For higher education, the fat years are behind and lean years loom ahead. Small, tuition-driven schools will have to make adjustments or go bankrupt.
Doing so is hard, and the difficulty is compounded by the way colleges are run. We have “shared governance” among the administration, the faculty, and the board of trustees. In today’s Martin Center article, Michael Bills, who is a trustee and recently wrote a dissertation on the problems of college governance, discusses the need for strong leadership in times of crisis.
Bills writes, “The problem is that the board has shunned its fiduciary duties by abdicating responsibility to the president and the faculty.” While the trustees are supposed to have ultimate decision-making authority, we usually find a messy, political battle among the three groups that share power.
In Bills’ view, trustees tend to suffer from four problems: problem blindness, deference to the president, loss aversion, and unrealistic optimism.
Something that trustees should consider is replacing the president if he or she doesn’t seem up to the “turnaround” job. “My suggestion,” writes Bills, “is that they begin by dusting off the job description used when hiring their current president. Does that job description look like a turnaround president? Does your president have the skills and temperament to lead your institution through this crisis?”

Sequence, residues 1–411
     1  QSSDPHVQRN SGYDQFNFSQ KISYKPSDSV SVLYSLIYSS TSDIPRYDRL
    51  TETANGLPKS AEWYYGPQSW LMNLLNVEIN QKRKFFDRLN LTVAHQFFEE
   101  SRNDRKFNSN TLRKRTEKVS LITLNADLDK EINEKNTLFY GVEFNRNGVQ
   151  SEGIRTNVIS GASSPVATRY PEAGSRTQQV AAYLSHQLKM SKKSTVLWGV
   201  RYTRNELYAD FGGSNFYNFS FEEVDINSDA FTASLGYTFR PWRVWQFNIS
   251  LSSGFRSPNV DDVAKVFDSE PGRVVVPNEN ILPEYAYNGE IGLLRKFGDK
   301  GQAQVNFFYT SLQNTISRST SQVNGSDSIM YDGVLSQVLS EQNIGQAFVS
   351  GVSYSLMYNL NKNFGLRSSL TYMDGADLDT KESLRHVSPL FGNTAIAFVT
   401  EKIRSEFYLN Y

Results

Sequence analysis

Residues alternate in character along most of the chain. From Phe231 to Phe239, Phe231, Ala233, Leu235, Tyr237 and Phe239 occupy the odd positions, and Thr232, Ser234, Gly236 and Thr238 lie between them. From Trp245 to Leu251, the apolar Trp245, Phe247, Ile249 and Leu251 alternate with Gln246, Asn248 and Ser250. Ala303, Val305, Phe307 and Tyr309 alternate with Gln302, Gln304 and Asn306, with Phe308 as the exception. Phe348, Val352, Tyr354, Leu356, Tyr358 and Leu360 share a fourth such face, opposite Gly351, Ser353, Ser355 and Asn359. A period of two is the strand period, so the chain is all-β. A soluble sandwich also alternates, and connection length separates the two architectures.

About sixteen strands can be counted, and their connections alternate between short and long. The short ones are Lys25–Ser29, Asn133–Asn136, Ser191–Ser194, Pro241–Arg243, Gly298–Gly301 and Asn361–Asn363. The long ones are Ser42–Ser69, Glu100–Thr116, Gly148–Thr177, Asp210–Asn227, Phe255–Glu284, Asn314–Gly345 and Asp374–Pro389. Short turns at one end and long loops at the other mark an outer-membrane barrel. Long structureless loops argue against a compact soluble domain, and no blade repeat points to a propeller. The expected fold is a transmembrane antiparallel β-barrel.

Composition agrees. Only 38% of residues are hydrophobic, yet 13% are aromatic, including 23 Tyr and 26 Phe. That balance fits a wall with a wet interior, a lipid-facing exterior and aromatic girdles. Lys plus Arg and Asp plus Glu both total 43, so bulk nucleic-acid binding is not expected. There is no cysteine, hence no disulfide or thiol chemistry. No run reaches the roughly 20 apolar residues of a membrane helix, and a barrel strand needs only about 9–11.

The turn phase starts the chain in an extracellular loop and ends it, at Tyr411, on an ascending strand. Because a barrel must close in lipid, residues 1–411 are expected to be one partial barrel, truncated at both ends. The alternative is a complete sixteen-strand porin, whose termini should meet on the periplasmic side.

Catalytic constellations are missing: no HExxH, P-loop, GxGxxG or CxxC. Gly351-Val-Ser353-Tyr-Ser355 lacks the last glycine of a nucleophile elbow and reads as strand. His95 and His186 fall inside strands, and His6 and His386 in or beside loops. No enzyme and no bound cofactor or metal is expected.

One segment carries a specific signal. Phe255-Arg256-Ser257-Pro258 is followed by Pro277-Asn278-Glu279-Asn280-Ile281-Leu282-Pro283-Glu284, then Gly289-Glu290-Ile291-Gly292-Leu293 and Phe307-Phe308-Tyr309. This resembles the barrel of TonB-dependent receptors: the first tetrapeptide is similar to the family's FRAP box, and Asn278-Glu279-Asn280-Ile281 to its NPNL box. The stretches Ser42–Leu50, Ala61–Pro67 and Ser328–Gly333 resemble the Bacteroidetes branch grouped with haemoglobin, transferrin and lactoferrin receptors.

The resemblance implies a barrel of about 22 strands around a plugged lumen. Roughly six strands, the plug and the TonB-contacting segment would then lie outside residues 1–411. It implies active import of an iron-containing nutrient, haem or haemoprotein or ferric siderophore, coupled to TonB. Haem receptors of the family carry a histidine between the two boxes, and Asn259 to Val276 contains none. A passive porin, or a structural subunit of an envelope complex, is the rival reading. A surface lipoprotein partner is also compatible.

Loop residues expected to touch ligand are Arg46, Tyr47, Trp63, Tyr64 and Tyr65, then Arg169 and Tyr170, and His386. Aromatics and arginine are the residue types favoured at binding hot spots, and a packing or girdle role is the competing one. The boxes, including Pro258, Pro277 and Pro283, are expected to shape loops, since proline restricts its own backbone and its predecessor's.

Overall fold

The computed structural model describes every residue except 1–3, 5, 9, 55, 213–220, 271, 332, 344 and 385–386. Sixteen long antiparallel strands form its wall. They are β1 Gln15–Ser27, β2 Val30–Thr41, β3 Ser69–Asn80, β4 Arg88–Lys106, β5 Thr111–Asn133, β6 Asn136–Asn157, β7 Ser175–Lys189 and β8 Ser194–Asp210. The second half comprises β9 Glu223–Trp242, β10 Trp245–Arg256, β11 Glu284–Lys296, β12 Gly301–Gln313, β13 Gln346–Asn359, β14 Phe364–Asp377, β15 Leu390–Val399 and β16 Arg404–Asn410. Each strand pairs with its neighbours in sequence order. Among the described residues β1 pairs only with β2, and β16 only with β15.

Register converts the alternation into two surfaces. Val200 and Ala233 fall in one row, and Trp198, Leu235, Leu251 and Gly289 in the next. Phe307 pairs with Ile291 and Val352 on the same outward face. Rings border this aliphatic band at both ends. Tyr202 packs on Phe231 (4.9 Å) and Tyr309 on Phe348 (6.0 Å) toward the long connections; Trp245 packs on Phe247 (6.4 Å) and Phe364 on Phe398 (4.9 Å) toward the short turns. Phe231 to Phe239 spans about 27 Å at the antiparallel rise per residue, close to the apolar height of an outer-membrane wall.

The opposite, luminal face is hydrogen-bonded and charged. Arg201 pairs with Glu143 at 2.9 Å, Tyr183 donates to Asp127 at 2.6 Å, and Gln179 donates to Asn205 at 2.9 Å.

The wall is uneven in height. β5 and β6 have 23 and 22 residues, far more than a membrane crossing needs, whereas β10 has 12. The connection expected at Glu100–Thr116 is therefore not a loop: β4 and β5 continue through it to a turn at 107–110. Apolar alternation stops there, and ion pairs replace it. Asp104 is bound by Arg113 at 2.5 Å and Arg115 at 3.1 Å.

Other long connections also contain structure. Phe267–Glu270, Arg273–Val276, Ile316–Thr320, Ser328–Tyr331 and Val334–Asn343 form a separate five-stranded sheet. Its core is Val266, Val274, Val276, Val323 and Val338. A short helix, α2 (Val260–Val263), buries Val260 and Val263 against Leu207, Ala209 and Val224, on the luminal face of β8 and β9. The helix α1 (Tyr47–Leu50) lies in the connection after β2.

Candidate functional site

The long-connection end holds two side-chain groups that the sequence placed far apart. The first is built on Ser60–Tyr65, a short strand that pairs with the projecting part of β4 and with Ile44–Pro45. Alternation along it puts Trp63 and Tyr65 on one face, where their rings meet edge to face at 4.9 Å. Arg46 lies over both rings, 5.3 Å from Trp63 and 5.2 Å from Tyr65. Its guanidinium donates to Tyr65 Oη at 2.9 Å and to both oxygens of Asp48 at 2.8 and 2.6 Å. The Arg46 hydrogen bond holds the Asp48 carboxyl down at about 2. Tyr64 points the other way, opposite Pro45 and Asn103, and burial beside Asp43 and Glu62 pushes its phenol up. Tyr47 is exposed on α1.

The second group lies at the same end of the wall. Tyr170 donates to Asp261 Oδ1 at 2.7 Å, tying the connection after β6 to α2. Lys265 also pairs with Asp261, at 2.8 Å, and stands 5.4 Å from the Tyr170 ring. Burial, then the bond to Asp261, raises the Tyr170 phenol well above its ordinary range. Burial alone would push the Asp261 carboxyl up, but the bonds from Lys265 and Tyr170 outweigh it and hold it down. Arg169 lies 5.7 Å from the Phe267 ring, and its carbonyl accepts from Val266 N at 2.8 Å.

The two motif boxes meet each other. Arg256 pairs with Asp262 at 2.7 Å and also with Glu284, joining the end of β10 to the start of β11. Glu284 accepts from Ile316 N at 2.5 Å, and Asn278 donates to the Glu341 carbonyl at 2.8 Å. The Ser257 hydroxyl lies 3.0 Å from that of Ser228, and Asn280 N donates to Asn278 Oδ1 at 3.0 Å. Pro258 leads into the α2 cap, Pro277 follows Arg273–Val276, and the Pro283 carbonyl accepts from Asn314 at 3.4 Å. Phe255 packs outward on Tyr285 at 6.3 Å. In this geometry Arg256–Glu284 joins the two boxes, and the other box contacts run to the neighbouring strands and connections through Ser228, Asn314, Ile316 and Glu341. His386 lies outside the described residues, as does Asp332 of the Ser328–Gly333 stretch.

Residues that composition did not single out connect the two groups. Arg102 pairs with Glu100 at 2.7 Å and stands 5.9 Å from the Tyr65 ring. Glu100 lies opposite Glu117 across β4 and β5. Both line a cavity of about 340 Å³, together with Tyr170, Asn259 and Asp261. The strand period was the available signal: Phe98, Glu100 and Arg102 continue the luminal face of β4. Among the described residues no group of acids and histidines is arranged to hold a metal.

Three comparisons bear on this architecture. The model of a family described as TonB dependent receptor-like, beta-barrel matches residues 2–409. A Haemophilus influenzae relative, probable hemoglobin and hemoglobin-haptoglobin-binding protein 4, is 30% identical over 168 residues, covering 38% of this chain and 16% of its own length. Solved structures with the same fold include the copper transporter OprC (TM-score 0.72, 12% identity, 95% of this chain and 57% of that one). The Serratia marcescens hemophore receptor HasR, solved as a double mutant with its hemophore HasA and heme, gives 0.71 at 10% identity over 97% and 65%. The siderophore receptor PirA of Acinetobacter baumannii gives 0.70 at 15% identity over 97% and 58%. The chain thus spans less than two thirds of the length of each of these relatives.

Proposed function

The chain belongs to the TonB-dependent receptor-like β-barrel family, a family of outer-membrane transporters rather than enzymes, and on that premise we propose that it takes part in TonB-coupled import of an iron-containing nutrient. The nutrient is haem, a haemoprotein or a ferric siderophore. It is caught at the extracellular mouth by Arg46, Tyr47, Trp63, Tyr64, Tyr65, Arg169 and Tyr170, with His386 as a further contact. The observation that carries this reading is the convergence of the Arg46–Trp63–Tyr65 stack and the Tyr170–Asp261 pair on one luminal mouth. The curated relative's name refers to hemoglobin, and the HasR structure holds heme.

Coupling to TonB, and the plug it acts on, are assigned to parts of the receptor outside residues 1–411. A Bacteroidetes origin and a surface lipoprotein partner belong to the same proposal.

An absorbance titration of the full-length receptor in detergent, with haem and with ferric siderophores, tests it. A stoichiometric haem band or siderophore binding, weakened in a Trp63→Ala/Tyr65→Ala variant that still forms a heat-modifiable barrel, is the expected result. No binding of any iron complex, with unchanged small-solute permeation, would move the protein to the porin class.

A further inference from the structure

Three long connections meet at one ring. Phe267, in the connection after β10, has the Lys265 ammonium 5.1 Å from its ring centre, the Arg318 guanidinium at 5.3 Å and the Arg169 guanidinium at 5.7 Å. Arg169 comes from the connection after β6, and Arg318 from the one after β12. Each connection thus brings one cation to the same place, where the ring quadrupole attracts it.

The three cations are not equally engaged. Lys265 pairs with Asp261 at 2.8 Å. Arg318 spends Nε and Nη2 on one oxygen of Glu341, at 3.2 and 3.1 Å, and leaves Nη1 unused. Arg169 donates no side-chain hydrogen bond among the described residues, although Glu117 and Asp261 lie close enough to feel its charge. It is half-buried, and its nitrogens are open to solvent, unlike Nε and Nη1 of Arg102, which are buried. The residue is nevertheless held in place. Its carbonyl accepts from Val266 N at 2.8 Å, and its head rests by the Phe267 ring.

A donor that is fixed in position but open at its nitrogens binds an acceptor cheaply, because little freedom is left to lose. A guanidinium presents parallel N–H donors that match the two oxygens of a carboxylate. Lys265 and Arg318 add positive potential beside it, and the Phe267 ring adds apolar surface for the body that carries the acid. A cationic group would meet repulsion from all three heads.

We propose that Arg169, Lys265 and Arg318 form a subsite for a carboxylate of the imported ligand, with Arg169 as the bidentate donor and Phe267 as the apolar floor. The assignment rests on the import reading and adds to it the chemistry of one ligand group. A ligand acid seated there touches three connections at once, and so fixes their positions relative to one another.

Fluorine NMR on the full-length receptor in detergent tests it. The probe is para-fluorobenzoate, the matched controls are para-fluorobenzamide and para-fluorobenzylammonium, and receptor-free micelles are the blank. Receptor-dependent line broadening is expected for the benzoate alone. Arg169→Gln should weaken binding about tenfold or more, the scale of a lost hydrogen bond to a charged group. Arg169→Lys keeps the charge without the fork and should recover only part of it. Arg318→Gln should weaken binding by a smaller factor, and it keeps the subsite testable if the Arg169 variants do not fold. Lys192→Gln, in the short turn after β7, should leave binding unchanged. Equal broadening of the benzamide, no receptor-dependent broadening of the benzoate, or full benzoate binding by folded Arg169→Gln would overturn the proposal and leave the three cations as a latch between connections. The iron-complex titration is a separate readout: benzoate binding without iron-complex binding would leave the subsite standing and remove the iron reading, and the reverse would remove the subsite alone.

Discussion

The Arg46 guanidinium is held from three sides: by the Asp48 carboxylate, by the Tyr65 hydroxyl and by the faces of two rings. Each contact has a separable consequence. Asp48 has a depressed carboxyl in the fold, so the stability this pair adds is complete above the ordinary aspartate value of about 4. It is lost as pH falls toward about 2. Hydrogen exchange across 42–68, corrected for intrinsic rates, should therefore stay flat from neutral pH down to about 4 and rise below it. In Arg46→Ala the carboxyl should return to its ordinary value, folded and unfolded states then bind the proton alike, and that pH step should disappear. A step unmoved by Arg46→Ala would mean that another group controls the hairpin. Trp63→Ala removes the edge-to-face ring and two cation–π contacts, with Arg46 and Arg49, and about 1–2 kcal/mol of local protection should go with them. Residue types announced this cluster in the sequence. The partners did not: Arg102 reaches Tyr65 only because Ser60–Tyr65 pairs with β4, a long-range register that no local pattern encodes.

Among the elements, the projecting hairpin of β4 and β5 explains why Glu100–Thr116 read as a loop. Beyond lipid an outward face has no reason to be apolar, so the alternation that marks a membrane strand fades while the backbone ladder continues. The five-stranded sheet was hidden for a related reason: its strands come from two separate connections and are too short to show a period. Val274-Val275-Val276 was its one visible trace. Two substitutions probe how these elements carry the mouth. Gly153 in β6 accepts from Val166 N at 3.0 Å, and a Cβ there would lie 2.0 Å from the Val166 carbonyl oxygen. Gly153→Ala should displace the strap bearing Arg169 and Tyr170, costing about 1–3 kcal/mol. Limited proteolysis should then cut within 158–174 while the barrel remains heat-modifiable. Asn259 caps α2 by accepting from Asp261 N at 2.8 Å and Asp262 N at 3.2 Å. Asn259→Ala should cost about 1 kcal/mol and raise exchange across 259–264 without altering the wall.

Presidents who have been absorbed in virtue signaling to prove their dedication to “progressivism” should probably be given the boot.
Bills concludes, “Institutions that survive this crisis will be the ones that recognize and act upon this power. Boards of small, private, tuition-dependent colleges are going to have to be more engaged, inquisitive, and assertive than ever before. Old, ineffective, hands-off strategies like ‘back him and sack him’ aren’t going to turn around a struggling institution.”